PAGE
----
On September 17th, multiple game controllers were stolen from half a dozen rooms in Goodman Hall. The following day, the GroupMe was set abuzz when one student claimed to have been robbed, warning residents to lock their doors, and others quickly chimed in with similar stories. The RA, Walter Johnson, immediately called a meeting in the courtyard and extended a warm invitation to the thief to visit him in his room— if they dared.
Johnson later told me, “It hurts me as an RA because I’ve been an RA for about four or five years now, and I take pride in not only my residents, but the residence life. I think people forget that; we’re not just in charge of the residents or the residence hall, we’re in charge of residence life. I take that personally because we’re all on the same level. I don’t want any of my residents to feel like I’m above them because we’re going through the same thing, so if you’re taking from them, you’re also taking from me. They’re hurt, and I’m hurting for them, so now we have an issue because I’m going to do everything in my power to make sure my residents have what they need. They get what they want. They deserve it.”
Johnson went through the proper channels by notifying security and speaking with student life, and the situation seemed settled. However, the next day one student sent a public message to the thief in the GroupMe that they had turned on their game system from the stolen controller. Others realized that the culprit must live in the building due to bluetooth’s limited range, and in the words of Johnson, “…on my soul, we coming for your ass.” These words may have had a strong impact because that night, all but two controllers were left on doorsteps, returned to their rightful owners.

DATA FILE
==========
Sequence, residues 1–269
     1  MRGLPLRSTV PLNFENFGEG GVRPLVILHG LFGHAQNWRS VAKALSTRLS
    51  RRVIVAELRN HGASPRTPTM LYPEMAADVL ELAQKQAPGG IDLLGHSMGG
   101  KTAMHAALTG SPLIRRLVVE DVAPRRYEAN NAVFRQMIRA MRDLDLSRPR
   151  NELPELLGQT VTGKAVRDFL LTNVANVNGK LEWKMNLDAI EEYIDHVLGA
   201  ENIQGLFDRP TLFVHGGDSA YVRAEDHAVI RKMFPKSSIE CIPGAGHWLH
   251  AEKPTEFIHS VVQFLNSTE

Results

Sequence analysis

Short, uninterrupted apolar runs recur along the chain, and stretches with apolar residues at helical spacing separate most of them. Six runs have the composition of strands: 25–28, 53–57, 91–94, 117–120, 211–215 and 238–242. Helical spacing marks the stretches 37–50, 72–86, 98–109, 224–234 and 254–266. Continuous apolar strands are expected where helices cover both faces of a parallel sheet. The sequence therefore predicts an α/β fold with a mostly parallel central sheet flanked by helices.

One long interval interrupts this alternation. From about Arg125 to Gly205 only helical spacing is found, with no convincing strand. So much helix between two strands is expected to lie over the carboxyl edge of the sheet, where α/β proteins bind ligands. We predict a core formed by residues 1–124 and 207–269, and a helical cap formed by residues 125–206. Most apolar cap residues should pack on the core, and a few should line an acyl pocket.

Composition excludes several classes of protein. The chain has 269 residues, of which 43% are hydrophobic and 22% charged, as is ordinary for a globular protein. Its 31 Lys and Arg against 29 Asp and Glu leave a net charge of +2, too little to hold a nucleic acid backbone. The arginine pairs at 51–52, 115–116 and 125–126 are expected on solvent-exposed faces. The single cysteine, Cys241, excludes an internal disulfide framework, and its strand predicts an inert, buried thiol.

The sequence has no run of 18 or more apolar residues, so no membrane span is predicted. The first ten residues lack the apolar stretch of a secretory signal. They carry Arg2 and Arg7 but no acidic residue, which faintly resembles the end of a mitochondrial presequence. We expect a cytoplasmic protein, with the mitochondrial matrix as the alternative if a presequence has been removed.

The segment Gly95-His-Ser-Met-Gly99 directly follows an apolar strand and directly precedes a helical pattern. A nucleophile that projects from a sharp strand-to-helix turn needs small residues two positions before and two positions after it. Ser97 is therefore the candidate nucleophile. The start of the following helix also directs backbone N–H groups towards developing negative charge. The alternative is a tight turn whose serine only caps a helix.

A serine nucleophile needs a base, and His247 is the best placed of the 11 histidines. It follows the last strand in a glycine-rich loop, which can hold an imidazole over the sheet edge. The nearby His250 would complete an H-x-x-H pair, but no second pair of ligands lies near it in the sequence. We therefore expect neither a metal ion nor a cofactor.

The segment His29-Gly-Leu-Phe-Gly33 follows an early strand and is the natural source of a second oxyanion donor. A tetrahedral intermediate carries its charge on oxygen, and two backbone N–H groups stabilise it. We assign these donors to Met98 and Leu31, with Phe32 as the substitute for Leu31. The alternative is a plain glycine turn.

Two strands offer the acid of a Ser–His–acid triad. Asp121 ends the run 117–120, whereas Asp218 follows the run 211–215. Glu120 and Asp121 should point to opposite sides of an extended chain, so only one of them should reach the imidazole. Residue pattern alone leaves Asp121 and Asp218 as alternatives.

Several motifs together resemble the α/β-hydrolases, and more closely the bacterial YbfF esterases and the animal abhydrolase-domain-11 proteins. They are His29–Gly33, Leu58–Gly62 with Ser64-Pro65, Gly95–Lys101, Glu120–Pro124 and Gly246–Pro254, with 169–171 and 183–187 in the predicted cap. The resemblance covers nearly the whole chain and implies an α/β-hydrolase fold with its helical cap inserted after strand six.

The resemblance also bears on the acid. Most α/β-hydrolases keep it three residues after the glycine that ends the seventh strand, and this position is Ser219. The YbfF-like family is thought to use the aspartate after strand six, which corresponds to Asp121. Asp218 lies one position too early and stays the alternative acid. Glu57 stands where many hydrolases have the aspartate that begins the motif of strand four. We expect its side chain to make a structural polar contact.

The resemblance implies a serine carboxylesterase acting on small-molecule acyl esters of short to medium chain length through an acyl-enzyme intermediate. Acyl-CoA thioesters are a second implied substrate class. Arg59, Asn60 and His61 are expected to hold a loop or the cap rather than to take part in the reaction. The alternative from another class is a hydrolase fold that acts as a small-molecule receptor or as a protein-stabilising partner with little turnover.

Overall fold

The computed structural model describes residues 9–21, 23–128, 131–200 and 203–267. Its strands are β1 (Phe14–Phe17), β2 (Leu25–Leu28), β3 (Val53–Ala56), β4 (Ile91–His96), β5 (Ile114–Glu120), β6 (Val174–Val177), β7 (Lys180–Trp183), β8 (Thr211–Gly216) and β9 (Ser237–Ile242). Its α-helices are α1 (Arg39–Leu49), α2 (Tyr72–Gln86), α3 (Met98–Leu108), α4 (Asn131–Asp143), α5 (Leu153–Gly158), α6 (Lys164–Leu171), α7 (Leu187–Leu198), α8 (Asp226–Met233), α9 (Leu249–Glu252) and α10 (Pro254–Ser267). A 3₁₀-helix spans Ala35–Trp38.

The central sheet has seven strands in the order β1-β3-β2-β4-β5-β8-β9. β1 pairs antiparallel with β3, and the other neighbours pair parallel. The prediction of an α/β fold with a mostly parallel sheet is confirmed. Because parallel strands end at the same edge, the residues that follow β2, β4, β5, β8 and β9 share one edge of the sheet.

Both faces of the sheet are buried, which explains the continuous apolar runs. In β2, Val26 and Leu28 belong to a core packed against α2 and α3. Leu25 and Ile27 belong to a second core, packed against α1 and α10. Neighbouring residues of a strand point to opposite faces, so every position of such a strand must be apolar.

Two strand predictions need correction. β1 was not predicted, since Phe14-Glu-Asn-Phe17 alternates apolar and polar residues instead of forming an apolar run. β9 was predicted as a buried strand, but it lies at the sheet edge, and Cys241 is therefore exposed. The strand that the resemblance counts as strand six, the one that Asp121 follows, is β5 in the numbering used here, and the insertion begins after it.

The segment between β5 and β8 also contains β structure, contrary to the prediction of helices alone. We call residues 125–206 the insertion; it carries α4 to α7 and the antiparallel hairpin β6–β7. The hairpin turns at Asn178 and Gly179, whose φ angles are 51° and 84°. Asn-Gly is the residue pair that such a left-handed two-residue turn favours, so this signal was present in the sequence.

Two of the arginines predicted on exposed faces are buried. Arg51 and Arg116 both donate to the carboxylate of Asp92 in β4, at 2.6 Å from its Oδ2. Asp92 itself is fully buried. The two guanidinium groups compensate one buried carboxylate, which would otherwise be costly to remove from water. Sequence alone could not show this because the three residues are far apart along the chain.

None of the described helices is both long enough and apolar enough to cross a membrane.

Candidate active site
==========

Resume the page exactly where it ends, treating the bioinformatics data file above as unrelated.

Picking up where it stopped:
Even though this ordeal only lasted three days, Johnson pointed out that there were lingering effects: “You want to have trust in your residence hall, and you want to have a good environment, and a lot of times we have individuals who spoil that. It’s a duty for me to be able to enforce that kind of environment. I feel like I’m not doing my job if I’m not able to put trust in a close-knit environment like a residence hall. It’s like we have one bad apple on the tree, the whole tree is gone.” He has since made efforts to put trust back into the community by organizing “Sunday Sundaes” and occasionally sending a Millsaps-themed trivia question in the GroupMe with prizes for the first correct answer.